The passage does not use apostrophe (speaking to an inanimate or not-present addressee), onomatopoeia (words that represent sounds), or irony (a contradiction between literal meaning and intended meaning). It does, however, include some alliteration; see, for instance, the repetition of the "f" sound in line 5.  

Passage adapted from William Shakespeare's Romeo and Juliet (1595).

Example Question #2 : Figurative Language: Drama

MEPHISTOPHELES: Tut, Faustus,

Marriage is but a ceremonial toy;

And if thou lovest me, think no more of it.        

I’ll cull thee out the fairest courtesans,

And bring them every morning to thy bed;(5)

She whom thine eye shall like, thy heart shall have,

Be she as chaste as was Penelope,

As wise as Saba, or as beautiful        

As was bright Lucifer before his fall.

Here, take this book peruse it thoroughly:  [Gives a book.] (10)

The iterating of these lines brings gold;

The framing of this circle on the ground

Brings whirlwinds, tempests, thunder and lightning;

Pronounce this thrice devoutly to thyself…

(1592)

Based on context, what does “cull thee out” (line 4) mean?

Possible Answers:

Proclaim for you

Eradicate

Choose for you

Label

Describe to you

Correct answer:

Choose for you

Explanation:

When the entire line and subsequent line are read, the answer becomes clearer. “I’ll cull thee out the fairest courtesans, / And bring them every morning to thy bed” leads us to imagine that the speaker is selecting these courtesans for the addressee. The other choices don’t make sense in the context of the second line.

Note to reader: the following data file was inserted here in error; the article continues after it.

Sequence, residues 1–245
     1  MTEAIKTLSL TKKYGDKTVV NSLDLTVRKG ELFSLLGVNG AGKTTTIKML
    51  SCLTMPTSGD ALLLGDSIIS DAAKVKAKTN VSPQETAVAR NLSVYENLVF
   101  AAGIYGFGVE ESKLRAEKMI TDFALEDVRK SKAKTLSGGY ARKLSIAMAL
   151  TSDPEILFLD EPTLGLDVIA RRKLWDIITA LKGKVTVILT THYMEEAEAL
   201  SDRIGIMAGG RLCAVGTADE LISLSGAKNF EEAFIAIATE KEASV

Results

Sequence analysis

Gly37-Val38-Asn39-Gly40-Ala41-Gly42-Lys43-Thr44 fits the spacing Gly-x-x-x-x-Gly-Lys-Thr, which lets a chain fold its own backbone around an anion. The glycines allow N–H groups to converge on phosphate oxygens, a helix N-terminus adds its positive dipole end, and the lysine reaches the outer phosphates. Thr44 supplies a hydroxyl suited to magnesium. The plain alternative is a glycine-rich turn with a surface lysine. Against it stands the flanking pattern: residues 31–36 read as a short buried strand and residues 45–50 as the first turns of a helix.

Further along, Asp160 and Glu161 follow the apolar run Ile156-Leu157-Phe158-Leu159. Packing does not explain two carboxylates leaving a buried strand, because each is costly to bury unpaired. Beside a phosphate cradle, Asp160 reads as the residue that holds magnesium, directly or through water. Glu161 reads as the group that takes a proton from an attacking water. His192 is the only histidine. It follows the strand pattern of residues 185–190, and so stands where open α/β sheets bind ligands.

Passage adapted from Christopher Marlowe’s The Tragical History of the Life and Death of Doctor Faustus (1592)

Example Question #3 : Figurative Language: Drama

HENRY V: And Crispin Crispian shall ne'er go by,

From this day to the ending of the world,

But we in it shall be remember'd;

We few, we happy few, we band of brothers;

For he today that sheds his blood with me   (5)

Shall be my brother; be he ne'er so vile,

This day shall gentle his condition:

And gentlemen in England now a-bed

Shall think themselves accursed they were not here,

And hold their manhoods cheap whiles any speaks   (10)

That fought with us upon Saint Crispin's day.

(1600)

According to the passage, why shall the gentlemen in England “think themselves accursed” (line 9)?

Possible Answers:

Because they did not participate in the glorious battle

Because they will not belong to the “band of brothers”

Because their friends all died without them

Because they will not be made gentle

Because they will be considered stingy by others

Correct answer: